Our #1 priority was getting the dunked canoeists out of the water. They had life vests on and were in no danger of drowning, but the water is cold that far north. In addition, there were duffle packs, paddles, and a canoe bobbing in the water, merrily continuing their downstream journey without us. Thus, after quickly unloading our canoe on shore, Ann & I ventured into the water downstream of the riffle and guided our wet friends to safety. Once they were secure, I left Ann to help them get out of their wet clothes and dry off while I immediately took my pants off (wet jeans act as a sea anchor), donned my life vest, and went into the water in an attempt to collect the unmanned canoe, after which I hoped to round up the baggage.

As aluminum canoes are packed with styrofoam ballast in the bow and stern compartments, they float about 18 inches below the water when swamped. As you can still see the tips of both ends sticking out, it was no problem locating the boat. But it was traveling at the speed of the current (about three miles per hour) and I needed to overhaul it. Passing up the canvas Duluth packs (which were traveling more on top of the water and thus were not as much in the grip of the current), I breast stroked and frog kicked my way directly to the canoe. By not putting my head in the water, I conserved precious body heat.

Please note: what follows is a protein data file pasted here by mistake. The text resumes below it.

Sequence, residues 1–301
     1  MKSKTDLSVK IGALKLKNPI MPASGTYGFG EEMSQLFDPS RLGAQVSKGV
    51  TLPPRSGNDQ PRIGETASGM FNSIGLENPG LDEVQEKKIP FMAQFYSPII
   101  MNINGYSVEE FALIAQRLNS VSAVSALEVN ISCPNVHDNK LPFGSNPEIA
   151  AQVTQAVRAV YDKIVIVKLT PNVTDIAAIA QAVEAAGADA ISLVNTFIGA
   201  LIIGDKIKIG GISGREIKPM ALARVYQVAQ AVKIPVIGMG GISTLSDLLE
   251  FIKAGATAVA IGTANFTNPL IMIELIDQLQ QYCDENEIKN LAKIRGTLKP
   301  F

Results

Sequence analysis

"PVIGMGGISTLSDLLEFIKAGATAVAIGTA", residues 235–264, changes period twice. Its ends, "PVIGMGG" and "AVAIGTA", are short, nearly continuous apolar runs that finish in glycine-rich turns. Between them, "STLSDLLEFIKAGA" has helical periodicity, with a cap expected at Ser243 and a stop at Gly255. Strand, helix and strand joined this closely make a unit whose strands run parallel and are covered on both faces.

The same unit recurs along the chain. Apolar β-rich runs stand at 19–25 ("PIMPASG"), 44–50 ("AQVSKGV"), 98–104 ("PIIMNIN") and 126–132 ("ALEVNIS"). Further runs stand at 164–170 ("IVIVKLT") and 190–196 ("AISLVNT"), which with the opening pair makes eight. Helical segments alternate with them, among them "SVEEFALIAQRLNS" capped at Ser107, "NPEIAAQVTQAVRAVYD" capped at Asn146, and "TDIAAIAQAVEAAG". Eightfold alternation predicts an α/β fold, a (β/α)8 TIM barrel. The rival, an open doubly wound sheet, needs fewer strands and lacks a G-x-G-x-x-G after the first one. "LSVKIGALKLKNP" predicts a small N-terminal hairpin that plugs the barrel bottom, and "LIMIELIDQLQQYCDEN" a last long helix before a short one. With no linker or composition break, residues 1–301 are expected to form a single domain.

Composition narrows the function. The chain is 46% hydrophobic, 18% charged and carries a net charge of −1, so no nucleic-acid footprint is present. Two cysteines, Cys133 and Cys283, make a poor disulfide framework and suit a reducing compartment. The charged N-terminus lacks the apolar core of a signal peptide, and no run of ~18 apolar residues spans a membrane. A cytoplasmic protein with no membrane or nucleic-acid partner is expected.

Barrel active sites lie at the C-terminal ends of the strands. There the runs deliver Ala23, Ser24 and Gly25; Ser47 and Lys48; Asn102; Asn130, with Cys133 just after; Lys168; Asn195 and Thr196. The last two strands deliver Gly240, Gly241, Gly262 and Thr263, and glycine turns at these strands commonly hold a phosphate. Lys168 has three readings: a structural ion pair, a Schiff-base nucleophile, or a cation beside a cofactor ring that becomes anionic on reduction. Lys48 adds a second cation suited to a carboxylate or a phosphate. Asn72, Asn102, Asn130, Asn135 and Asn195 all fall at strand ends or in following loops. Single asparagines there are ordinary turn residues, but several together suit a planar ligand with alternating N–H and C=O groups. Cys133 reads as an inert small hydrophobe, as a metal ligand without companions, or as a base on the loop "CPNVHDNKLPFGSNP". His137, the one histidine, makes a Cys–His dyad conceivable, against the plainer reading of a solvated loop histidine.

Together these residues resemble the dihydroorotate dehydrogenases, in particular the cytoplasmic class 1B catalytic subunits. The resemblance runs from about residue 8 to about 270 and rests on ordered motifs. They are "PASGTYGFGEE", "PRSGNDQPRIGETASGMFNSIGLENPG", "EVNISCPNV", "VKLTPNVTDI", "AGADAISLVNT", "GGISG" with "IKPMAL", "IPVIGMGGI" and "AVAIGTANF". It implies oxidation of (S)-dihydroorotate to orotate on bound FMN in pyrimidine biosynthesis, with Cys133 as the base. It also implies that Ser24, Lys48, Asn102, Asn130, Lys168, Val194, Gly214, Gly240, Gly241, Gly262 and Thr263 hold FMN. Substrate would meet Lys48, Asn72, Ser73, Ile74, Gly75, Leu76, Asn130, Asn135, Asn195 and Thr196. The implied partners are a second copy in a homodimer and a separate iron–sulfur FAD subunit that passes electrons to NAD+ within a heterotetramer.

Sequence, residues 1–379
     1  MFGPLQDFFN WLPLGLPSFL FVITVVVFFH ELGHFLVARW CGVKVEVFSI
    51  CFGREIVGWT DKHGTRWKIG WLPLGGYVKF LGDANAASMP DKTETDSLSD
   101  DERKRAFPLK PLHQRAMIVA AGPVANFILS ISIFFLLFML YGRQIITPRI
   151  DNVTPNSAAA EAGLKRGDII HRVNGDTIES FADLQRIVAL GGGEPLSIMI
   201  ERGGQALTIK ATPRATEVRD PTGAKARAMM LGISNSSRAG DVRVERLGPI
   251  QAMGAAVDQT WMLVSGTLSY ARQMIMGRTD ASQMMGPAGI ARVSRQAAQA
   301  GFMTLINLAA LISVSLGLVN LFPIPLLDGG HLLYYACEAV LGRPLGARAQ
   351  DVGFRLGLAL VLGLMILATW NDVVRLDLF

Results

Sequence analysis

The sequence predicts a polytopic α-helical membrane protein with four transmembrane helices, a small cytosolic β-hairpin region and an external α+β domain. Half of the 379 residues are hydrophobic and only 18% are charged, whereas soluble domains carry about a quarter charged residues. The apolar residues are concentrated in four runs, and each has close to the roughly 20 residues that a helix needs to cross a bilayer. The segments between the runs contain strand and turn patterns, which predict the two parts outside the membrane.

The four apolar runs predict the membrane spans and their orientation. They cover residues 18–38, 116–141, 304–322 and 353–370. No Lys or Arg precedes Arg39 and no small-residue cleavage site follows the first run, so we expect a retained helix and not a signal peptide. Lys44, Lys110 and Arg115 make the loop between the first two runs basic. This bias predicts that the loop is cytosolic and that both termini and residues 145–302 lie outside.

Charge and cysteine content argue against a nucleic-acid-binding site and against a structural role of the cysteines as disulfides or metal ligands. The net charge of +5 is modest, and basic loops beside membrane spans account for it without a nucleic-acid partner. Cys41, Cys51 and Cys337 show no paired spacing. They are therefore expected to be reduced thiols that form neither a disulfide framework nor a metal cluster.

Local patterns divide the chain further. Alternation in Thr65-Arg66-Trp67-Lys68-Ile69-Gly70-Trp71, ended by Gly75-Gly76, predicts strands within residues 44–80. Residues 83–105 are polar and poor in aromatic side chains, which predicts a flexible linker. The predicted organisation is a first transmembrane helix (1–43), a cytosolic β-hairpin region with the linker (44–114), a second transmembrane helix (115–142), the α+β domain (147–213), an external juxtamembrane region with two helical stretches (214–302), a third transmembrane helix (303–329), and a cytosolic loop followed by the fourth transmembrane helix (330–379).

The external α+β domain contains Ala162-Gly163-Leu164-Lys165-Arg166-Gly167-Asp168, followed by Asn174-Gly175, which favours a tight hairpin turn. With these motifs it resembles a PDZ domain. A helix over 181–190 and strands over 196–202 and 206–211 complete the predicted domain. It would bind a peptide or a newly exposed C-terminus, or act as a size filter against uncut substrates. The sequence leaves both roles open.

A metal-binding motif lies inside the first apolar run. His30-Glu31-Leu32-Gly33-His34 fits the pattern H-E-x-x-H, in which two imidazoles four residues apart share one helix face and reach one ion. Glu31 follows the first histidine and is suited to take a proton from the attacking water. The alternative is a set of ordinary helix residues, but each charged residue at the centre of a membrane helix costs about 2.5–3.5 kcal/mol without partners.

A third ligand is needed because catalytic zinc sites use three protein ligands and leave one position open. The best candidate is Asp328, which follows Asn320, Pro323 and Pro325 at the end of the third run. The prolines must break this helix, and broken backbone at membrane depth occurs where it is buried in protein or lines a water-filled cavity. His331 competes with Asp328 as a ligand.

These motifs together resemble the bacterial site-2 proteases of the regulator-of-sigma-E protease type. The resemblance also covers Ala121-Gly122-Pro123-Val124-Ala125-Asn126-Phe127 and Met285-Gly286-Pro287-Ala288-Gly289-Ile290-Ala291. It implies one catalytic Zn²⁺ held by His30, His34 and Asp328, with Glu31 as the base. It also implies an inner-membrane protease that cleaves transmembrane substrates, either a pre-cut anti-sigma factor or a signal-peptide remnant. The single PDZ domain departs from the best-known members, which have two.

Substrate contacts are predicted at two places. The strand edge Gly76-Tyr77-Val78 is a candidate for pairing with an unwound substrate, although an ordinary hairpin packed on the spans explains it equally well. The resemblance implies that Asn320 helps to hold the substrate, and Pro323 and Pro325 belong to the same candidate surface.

While I made steady progress, it nonetheless took me about a mile to finally reach the wayward 17-foot Grumman. The good news was that by the time I got the canoe, the near shoreline was close enough that I could touch bottom. The bad news was that we'd already reached the head off another set of rapids and the pull of the current was increasing. After several moments of struggle, I realized that I had enough strength to be able to hold the canoe in place, but not enough to be able to wrestle the waterlogged canoe out of the current. Sigh. Accepting this tactical defeat, I climbed into the canoe and decided to take my chances on having better luck further downstream. (It's much safer to ride a rapids inside a swamped canoe that aside it, where you might get pinned against a rock.)